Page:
The Joint Resolution also identifies a role for Canada’s privacy commissioners and ombudspersons to collaborate with governments, regulatory colleges, health industry and other relevant stakeholders to provide privacy and security guidance and educate individuals about their digital health and privacy rights. The Joint Resolution also highlights that to the extent permitted by law, they may “take joint or collaborative enforcement action, as appropriate to address systemic practices in the health sector that are unreasonable because they create unacceptable and easily avoidable risks to the privacy and security of personal health information”.

Implications for health industry

The Joint Resolution provides a clear message to government and health industry organizations that the status quo is no longer acceptable as it relates to communication technologies, unauthorized access to personal health information and risks relating to cyber-attacks. Health industry organizations and providers are well advised to take proactive steps to identify whether any insecure communication technologies are currently in use, to consider alternative options and to develop plans to phase them out in favour of more modern, secure alternatives and to identify other risk areas.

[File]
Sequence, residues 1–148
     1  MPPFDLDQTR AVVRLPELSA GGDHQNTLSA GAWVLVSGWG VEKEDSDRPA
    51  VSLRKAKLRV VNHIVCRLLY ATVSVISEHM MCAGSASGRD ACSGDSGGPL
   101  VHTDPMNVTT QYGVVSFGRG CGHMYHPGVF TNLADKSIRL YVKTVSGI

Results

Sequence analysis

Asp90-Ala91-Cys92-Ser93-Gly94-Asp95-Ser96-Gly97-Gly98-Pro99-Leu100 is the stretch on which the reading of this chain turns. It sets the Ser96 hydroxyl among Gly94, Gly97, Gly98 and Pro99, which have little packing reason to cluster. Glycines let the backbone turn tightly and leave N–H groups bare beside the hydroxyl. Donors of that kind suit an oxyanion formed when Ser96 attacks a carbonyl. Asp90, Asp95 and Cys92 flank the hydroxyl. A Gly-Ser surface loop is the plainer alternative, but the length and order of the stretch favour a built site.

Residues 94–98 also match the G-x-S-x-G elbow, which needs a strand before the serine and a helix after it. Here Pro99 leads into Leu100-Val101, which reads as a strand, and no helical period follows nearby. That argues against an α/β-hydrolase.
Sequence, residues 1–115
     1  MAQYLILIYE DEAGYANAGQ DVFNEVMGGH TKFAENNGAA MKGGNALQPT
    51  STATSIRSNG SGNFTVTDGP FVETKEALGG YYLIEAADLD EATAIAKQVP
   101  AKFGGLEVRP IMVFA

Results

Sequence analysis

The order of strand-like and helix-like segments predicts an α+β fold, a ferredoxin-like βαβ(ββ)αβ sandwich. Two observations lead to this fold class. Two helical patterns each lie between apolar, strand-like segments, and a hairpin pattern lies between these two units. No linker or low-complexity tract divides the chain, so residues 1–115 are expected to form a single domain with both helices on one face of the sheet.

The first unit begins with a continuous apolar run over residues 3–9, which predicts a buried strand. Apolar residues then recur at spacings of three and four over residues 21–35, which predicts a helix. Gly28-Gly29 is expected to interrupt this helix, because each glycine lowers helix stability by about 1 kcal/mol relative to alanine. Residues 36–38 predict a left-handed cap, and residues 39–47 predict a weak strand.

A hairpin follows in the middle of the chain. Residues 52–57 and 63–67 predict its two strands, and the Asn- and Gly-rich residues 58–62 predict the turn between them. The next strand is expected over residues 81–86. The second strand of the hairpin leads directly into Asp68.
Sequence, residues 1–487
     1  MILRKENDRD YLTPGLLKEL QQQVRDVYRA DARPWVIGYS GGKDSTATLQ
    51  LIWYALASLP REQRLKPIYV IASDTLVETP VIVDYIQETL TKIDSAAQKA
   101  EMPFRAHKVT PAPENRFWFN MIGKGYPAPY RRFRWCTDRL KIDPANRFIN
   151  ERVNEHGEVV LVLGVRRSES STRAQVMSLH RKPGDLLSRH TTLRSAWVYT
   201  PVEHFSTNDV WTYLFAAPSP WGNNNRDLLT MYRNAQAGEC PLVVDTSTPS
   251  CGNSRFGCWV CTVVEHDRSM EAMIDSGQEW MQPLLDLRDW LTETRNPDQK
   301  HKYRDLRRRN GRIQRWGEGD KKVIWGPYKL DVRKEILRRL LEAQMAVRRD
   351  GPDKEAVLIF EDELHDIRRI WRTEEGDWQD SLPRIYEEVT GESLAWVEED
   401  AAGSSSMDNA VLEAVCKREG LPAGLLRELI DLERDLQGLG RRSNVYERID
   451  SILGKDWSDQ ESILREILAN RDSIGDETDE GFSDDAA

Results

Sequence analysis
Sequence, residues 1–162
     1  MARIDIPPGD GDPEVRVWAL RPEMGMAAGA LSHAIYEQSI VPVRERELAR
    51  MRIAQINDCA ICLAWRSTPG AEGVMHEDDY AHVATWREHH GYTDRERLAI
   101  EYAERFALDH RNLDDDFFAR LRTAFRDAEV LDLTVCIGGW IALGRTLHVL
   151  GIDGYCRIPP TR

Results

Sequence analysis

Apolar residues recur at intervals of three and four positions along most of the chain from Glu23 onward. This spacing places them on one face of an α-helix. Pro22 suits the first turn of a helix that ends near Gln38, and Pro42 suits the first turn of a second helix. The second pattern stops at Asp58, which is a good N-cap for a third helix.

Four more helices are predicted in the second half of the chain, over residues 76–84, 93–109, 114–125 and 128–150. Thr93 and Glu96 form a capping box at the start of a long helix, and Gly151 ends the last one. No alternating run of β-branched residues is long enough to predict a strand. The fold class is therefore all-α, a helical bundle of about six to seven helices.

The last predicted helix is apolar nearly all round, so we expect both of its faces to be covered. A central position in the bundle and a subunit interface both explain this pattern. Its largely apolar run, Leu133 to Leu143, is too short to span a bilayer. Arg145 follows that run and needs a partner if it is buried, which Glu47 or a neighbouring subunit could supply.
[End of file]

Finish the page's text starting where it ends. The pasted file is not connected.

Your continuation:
There are many digital health initiatives underway across the country. Health industry organizations are encouraged to consult with their funders, government and industry stakeholders and community partners.

There are different considerations and roles and responsibilities under applicable privacy legislation when implementing secure communications technologies or other digital health solutions, whether on a stand-alone basis, as a lead organization, as a participant in a regional or provincial initiative or as a technology provider. For example, under Ontario’s Personal Health Information Protection Act, 2004 there are specific requirements for health information network providers that provide services primarily to custodians to enable two or more health information custodians to disclose personal health information with one another. This includes the requirement to carry out and share the results of a threat risk assessment and privacy impact assessment, and to enter into an agreement with each health information custodian.

Miller Thomson’s Health Industry Group would be pleased to assist health industry organizations and providers with carrying out the recommendations of the Joint Resolution. We can assist in the procurement, implementation and development of contractual frameworks to support digital health solutions, organizational data governance and privacy law compliance, and prevention and management of privacy and security breaches.